Lee: 6.97 WAR, $24 M
Lilly: 2.97 WAR, $11 M
DLR: 2.6 WAR, $10.7 M
Pavano: 3.45 WAR, $8.25 M
Westbrook: 2.3 WAR, $8.25 M
Kuroda: 3.33 WAR, $12 M
The average cost per one WAR among those six pitchers was $3.47 M. With this number, we can figure out how much Maholm would be worth on the open market. First, we need Maholm’s average WAR, which was 2.67 over the last three years (using the same time period as the six pitchers above). From there, we just multiply the 2.67 WAR by $3.47 M to get Maholm’s expected average annual salary. That salary comes out to $9.26 M a year.
That annual value sounds like a lot for Maholm, mostly because he’s coming off a down year. His annual value, based on his 2010 WAR (2.0) would have been $6.94 M. However, you can’t just discount the previous two years, which saw him average a 3.0 WAR.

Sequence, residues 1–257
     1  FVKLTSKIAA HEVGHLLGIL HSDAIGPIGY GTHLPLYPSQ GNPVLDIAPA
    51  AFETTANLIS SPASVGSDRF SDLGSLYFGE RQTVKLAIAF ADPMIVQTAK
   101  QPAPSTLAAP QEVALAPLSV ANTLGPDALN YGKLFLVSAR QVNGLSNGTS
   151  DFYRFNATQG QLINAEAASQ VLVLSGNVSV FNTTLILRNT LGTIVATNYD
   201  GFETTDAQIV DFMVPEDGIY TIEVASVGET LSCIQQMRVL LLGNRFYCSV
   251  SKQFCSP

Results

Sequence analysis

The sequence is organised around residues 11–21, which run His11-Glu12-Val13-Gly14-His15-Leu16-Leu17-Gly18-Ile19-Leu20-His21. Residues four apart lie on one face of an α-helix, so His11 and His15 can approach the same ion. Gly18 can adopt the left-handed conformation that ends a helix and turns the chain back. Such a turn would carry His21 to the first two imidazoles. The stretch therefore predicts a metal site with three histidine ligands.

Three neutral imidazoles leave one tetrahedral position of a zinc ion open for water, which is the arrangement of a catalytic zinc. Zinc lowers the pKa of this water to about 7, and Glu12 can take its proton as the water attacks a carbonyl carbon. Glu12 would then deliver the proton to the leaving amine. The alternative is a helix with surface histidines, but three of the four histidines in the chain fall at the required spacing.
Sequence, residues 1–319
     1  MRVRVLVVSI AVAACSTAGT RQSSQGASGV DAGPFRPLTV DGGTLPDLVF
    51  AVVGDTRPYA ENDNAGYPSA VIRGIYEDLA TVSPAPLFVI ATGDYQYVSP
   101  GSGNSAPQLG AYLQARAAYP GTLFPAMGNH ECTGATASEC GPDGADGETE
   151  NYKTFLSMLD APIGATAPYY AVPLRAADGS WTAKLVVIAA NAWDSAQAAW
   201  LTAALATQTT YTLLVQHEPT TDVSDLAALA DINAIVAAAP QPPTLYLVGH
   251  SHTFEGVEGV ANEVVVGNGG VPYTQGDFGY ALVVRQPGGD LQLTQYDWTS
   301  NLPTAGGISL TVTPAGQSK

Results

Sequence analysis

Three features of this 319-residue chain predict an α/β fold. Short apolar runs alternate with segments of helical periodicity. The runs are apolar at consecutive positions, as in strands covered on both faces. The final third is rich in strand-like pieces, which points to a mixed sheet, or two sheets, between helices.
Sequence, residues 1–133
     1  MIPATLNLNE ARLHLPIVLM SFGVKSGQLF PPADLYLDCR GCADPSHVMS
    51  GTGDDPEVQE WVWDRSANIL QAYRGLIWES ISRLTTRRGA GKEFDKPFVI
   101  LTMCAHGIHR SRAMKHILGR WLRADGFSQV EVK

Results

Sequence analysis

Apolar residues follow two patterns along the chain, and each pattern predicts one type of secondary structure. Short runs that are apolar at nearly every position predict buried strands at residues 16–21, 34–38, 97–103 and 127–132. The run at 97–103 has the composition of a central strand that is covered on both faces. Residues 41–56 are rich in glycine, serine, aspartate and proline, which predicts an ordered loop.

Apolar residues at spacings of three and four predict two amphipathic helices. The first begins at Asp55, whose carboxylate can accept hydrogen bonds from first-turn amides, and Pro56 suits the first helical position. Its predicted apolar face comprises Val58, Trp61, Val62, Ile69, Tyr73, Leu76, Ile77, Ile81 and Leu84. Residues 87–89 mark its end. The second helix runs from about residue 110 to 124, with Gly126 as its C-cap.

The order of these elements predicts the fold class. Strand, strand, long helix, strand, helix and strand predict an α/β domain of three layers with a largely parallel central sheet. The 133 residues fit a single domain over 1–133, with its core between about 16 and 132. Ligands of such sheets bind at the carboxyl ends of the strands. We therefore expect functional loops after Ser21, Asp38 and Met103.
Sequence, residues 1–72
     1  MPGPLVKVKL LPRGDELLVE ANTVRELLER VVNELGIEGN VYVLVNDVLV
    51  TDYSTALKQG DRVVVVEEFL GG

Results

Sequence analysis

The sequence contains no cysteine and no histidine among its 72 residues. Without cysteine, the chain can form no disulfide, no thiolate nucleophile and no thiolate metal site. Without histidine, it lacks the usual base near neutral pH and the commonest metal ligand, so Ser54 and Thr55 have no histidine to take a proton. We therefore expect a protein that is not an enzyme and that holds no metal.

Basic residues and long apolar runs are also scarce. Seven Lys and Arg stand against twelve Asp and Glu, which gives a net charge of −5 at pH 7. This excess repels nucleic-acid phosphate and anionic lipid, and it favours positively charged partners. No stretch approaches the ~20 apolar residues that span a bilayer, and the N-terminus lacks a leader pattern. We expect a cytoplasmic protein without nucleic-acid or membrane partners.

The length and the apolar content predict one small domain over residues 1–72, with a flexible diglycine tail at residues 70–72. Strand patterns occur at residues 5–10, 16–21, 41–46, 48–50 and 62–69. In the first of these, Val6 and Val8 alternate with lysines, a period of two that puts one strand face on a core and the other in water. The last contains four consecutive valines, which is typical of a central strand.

I don’t doubt that Maholm would get $9.26 M a year on the open market, assuming he doesn’t repeat his 2010 season. He will be 29 years old next off-season, he’s a left hander, and he’s capable of pitching 200 innings a year. Furthermore, he had a 3.71 ERA in 206.1 innings in 2008, a 4.44 ERA in 194.2 innings in 2009, and he had a 4.03 ERA in 14 innings through July 18th in 2010, before falling apart and finishing with his 5.10 ERA in 185.1 innings.
The problem with Maholm is that he is inconsistent. He was successful in 2010 up until mid-July, and his late season struggles led to some poor overall numbers. In 2009 he had decent numbers, but struggled at times during the season, and only finished up with a 4.44 ERA because he put up a 2.89 ERA in his last seven starts of the season, taking his ERA down from 4.93 on August 13th. Even in his best season, 2008, Maholm had a 5.11 ERA on May 25th, before putting up a 3.11 ERA in his final 144.2 innings. The inconsistencies mean that in any given year, Maholm’s contract could look bad, or look like a value, depending on how inconsistent he is.